History of Vienna Streets

Vienna boasts of a rich culture and history. Up to now, it still has beautiful historical buildings in place that have been brought back to their former glory. 

The Austrian capital’s streets and squares also date back to the olden days and many were named after the city’s notable personalities. In fact, historians spent two years studying the biographies of famous people in Vienna who have agreed to use their names for the city’s streets. Their research found 120 names to be most controversial. 

Maria-Theresian-Platz

This is a large square in the city center and a popular tourist attraction. Build in 1819, it is located next to Ringstrasse and the Museum of Modern Arts. 

Two museums are situated in the square – the Natural History Museum and the Art History Museum. Additionally, it is here where the large statue of Empress Marie-Theresa of Austro-Hungaria can be found.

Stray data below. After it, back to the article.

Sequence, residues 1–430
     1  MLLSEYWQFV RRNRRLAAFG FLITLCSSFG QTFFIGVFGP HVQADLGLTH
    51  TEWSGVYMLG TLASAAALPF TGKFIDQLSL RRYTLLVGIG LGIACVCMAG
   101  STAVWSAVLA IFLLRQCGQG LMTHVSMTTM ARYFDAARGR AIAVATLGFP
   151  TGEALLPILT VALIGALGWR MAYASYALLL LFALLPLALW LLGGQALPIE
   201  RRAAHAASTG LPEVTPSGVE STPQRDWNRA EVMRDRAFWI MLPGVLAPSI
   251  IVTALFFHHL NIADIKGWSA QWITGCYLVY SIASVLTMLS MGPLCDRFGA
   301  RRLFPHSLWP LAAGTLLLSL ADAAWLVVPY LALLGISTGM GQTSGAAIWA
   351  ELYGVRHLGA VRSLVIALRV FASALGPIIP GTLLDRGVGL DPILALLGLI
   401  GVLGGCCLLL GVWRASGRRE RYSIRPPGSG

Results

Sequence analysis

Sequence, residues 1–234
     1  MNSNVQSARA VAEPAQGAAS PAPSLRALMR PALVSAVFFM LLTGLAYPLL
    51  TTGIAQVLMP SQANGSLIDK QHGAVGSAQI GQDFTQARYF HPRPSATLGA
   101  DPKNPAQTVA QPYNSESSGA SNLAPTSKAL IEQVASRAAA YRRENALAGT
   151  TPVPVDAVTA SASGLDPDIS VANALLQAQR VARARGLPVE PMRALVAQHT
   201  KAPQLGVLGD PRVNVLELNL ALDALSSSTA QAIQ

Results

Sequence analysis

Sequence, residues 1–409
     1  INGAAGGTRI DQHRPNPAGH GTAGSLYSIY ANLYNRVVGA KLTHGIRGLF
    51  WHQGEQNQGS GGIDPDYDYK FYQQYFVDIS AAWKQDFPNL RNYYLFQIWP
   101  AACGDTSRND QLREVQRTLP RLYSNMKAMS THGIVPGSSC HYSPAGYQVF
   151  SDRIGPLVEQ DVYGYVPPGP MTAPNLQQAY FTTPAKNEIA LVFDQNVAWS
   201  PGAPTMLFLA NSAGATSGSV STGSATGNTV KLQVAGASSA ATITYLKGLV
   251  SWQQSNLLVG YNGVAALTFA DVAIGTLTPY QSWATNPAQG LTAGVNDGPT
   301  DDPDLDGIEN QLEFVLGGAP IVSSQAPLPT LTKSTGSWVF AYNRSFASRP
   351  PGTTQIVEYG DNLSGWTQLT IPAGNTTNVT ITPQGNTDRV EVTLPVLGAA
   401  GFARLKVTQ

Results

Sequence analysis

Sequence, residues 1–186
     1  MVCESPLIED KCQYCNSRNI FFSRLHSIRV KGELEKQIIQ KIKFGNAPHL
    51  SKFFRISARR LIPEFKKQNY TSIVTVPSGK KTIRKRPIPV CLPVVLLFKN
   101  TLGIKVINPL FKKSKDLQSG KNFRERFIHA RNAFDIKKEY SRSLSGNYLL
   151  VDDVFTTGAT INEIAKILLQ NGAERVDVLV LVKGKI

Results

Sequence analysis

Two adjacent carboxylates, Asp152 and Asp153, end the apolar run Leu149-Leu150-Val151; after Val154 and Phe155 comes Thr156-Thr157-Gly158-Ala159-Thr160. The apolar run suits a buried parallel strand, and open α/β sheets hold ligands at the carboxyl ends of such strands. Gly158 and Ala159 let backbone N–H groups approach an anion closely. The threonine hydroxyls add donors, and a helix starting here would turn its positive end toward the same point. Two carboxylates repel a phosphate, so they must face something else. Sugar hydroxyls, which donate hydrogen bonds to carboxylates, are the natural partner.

Heldenplatz 

Heldenplatz literally means Heroes’ Square, one of the most well known historical sites of Vienna. It is bordered by the Leopoldinian Tract of the Hofburg in the northern seciton, the Neue Hofburg in the south and the Ringstrasse in the south-western part. The north-western section provides a great view of the Burgtheater, the Parliament and Rathaus. 

Also in the area are the equestrian statues of Prince Eugene of Savoy and Archduke Charles of Austria. 

Several historical events took place in this street. One of them was the 1938 announcement of Hitler of the Anschluss of Austria to the German Reich. 

Ballhausplatz 

Located in the Innere Stadt on the edge of the Hofburg Imperial Palace’s grounds, this square was built in 1754. It was named as such as there used to be a tennis house or ballhaus during the reign of Ferdinand I. The tennis house was later used as the Imperial Court construction office. The Imperial hospital used to be on this site as well. 

Also in the area is a building which has been made as the office of the Chancellor of Austria the reason why Ballhausplatz is often referred to as the house of the Austrian Federal Chancellery. 

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